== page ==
I sat down with Greg Ambra (GA), VP of Clinical Operations at DZS Clinical Services, and Joe Guariglia (JG), Partner and Founder of Prism Partners International, to discuss trends and expectations for the Biopharma Industry.  DZS Clinical Services is a full-service Contract Research Organization and Clinical Software provider focused on small to mid-size biopharma.  DZS is currently celebrating its 30th year in business.   Prism Partners is a unique human capital advisory firm, which employs proprietary tools, and extensive experience, to groom firms for significant growth.  I asked both of them to think back over 2013, and discuss their experience and expectations for the upcoming year.  Highlights of this engaging conversation are described, below:


What do you see as significant trends for the Biopharma industry in 2014?

GA           I think we’ll see large Biopharm companies continue to find themselves under increased pressure to produce growth.  With more drugs coming off patent and a shrinking pipeline for many companies, the search for new targets through acquisition and/or partnerships will continue to increase.

As we’re already seeing, these trends will push smaller biotechs and academic research centers to increase productivity and execution, which should result in high growth and an increase in outsourcing.  Small, focused CROs like ours are ideally engineered to cater to that segment.

JG             Much of the growth that we are seeing is a result of more readily available capital.  Companies have a lot of cash on their balance sheets and they are starting to put this cash to work with strategic investments.  Banks are also lending again.  This cash infusion is giving companies the fuel that they need to ignite their growth aspirations.

Further to that, allocations from investors, to private equity-type investments are increasing again, with a recent return of capital to investors from this asset class.  Inevitably, the Pharma sector will benefit from this increasing private equity capital.

These new financial realities all lead to increases in funding for Pharma opportunities.


Looking at these trends and expectations, how do you see these key challenges impacting early stage Pharma companies?

JG             One shortsighted mistake common to a start-up company is the tendency to simply ‘plug-and-play’ resources – thinking all great talent can do any job.  Long-term success requires that an appropriate investment is made in people, to ensure that the right people are in the right role, at the right time.  As a company grows, different strategic and technical skills are needed to meet the demands of the organizations and those invested in that growth.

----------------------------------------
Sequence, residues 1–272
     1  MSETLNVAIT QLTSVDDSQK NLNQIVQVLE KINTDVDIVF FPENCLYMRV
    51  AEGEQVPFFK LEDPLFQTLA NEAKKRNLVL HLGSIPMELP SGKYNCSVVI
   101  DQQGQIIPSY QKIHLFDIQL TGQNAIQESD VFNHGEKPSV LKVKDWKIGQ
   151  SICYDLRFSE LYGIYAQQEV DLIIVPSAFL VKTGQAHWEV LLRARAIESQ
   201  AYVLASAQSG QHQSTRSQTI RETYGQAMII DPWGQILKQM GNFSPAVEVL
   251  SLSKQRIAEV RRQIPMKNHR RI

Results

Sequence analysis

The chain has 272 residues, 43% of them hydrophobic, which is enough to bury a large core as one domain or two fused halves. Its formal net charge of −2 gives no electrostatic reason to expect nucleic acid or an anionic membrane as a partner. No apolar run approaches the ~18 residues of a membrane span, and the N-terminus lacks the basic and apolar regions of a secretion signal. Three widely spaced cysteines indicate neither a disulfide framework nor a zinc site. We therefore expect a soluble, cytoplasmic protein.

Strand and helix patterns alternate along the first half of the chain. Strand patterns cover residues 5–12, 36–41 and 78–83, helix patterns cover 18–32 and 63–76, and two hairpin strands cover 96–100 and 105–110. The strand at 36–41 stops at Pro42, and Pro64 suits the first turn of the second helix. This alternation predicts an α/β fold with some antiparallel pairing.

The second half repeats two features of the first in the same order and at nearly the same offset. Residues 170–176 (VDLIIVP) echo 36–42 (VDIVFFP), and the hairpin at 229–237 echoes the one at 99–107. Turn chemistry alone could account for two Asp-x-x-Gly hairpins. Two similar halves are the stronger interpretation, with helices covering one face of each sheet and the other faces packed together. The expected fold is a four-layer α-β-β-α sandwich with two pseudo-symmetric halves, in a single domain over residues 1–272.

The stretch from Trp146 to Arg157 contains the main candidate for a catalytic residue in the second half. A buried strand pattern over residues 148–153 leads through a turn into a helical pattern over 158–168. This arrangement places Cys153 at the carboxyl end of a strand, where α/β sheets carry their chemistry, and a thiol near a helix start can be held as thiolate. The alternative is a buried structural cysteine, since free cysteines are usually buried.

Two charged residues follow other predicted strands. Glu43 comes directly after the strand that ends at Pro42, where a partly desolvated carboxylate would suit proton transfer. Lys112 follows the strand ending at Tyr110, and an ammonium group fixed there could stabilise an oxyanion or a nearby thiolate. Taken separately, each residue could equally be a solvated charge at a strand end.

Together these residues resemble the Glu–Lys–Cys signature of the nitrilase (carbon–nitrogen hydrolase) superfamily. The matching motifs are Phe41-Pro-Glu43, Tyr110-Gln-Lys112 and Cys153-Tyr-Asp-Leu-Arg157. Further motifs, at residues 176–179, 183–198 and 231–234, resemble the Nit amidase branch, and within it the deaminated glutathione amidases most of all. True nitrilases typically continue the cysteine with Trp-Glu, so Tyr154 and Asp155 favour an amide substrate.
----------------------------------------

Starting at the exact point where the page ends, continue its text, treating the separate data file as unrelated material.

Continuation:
GA           I agree; the key test for emerging biopharm companies will be developing the critical skills required to manage tasks that are essential to drug development.  Absent such internal development, these start-ups will need to identify highly competent and flexible external partners to manage the functional areas where they lack expertise or capacity.  DZS has extensive experience with such partnering, putting us in a great place to extend the capabilities of Pharma companies of any size.


As experts in your field, can you please provide some examples of how your organizations are built to address some of these issues?

GA           With DZS, it is primarily the flexibility with which we manage our partner projects, coupled to a competitive cost structure.  Our philosophy is to develop long-term, efficient, yet cost-effective partnerships with our clients.

Further to that, unlike many of the larger, traditionally designed, full-service organizations, DZS’ organizational structure is relatively flat.  This efficiency allows us to maintain a very high level of expertise on our projects, without needing to carry a heavy management team.

Even greater efficiencies can be obtained by employing the right technologies.  DZS’ software division purpose-built our own clinical trial support software (ClinPlus).  ClinPlus gives us the tools that are needed to remain up front technologically, without being saddled by expensive licensing fees for external software solutions.

JG             At Prism Partners International, our value proposition is found in the careful, yet comprehensive, alignment of an organization’s human capital to their strategy and culture, ensuring that the entire organization is working towards the same strategic goals.  As we work to confirm that everyone is united in their aspirations, we assess the roles, competencies and personnel required to move the organization from a start-up to a pure play growth-oriented organization.  Our assessment gives executive management a key snapshot of what resources they have, and what resources they need, to meet their strategic objectives.  The key to this is a proactive approach to the development of human capital.


Thank you gentlemen, for your thoughtful and insightful comments.  This is exactly the sort of advice than any Pharma company interested in expanding their scale needs to know.  The key message that I am hearing, is that you need to proactively manage your growth, ensuring you have the right people in the right roles and the right partners best-suited to your strategic goals.

To the extent that you would like to further discuss the value of proposition of DZS and/or Prism Partners Internation, Please contact:

Greg Ambra, gambra@dzs.com, 732.764.6969

Joe Guariglia, jguariglia@prismpartnersintl.com, 917.318.3709